Queenslanders to get $175 cost of living payment: Here’s how you can get your hands on it

Millions of Australians to get $175 cost of living payment: Here’s how you can get your hands on it

  • Annastacia Palaszczuk announces $175 rebate on residents’ electric bills
  • Cost-of-living reset takes into account rising electricity prices
  • Ms Palaszczuk said the discount was possible because government-owned electricity

Queensland Premier Annastacia Palaszczuk announced a $175 rebate on electricity bills in recognition of the rising cost of living for state residents.

The measure is expected to cost the state’s net income $385 million.

Ms Palaszczuk announced the refund to the Queensland Parliament on Thursday morning.

“In February, we announced that Queensland households would receive $50 off their electricity bills later this year because Queenslanders own their energy assets – generators, transmission and distribution,” said Ms Palaszczuk.

“With wholesale prices rising due to global instability, we have decided to raise it to $175 as we know the pressure Queenslanders are facing.

‘[The amount of] $175 might not seem like much to some people, but for those faced with these tough choices, it’s a help.

“This dividend is not available in states that have sold their electric assets.

“Electricity providers will automatically apply the credit, so Queenslanders don’t have to apply for it.”

Annastacia Palaszczuk announced the $175 discount to the Queensland Parliament on Thursday morning

Deputy Prime Minister Steven Miles and other senior government ministers spoke after Ms Palaszczuk, again saying the handover was made possible because the state had not sold its power assets.

The rebate is expected to be paid into the accounts of Queensland residents in the second half of this year.

Power prices are set to rise significantly from July after Australia’s energy regulator warned that wholesale power prices had already quadrupled in southeast Queensland in the first three months of 2022.

The regulator said Queenslanders can expect electricity prices to rise by around 6.8 per cent, reflecting an increase in electricity consumption due to the effects of inclement weather and prolonged humidity. of the La Niña event.

The war in Ukraine, rising coal and gas prices and a delay in new system capacity are other factors cited as reasons for rising energy prices.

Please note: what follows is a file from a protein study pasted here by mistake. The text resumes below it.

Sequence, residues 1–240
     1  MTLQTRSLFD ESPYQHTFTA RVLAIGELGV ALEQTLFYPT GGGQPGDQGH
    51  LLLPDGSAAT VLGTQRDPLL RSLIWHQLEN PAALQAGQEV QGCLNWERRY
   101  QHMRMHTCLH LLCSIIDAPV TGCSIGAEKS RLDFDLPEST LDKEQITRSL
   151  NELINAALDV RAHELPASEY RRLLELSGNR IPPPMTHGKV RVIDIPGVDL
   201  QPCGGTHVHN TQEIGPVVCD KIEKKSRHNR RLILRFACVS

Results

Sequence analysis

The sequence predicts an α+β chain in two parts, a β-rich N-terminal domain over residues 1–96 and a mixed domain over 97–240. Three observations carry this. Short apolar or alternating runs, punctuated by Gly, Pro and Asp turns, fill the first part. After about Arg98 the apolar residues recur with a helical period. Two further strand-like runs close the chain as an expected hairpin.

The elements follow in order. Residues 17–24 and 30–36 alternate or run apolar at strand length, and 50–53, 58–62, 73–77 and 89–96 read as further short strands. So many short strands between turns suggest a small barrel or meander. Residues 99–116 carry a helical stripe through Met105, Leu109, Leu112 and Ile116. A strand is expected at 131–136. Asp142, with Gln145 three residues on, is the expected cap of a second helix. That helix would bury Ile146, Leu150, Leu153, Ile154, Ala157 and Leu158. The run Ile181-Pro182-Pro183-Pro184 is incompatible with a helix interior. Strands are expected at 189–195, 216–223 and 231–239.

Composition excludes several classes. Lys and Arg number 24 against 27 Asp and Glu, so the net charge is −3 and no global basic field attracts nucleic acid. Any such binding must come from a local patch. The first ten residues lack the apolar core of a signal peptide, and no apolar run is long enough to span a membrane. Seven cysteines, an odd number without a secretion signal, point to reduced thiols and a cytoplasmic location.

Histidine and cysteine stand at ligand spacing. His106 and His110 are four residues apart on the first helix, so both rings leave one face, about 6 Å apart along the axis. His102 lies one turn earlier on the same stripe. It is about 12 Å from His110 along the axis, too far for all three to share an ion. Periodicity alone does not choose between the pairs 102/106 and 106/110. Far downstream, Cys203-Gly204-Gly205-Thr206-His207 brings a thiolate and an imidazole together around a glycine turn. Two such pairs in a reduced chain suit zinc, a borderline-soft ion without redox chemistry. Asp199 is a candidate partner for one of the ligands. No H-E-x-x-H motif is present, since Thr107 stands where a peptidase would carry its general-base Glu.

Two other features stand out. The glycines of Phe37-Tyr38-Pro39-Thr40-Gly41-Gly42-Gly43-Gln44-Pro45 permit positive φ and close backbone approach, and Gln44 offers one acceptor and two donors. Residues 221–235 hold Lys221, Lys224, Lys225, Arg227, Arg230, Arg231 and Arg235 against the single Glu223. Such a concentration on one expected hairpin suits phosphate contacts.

The rebate is expected to be paid into the accounts of Queensland residents in the second half of this year.  Pictured, a high-voltage electricity transmission tower is seen in the foreground of the Brisbane CBD skyline

The rebate is expected to be paid into the accounts of Queensland residents in the second half of this year. Pictured, a high-voltage electricity transmission tower is seen in the foreground of the Brisbane CBD skyline

Severe weather caused by the prolonged La Nina event has been blamed as one of the reasons for electricity prices quadrupling in southeast Queensland in the first three months of this year.

Severe weather caused by the prolonged La Nina event has been blamed as one of the reasons for electricity prices quadrupling in southeast Queensland in the first three months of this year.

In a follow-up announcement, Ms Palaszczuk said Nazis and other hate symbols would be banned in the state.

Ms Palaszczuk will introduce a bill on Thursday that criminalizes the intentional display of symbols to promote hatred or induce fear, such as the swastika.

She said exceptions would be made for Hindus, Buddhists and Jains who observe the swastika as a religious symbol.

The announcement followed the recommendation of a Queensland parliamentary committee that hate symbols, including those representing Nazi and ISIS ideologies, should be banned.

In parliament, Ms Palaszczuk detailed the instance in which the symbol had been used, including a Nazi flag flying near a Brisbane synagogue and similar material appearing at the MP’s desk for a Capalaba.

The move sees Queensland follow Victoria as the first Australian states to ban Nazis and other hate symbols.

Advertisement

Comments are closed.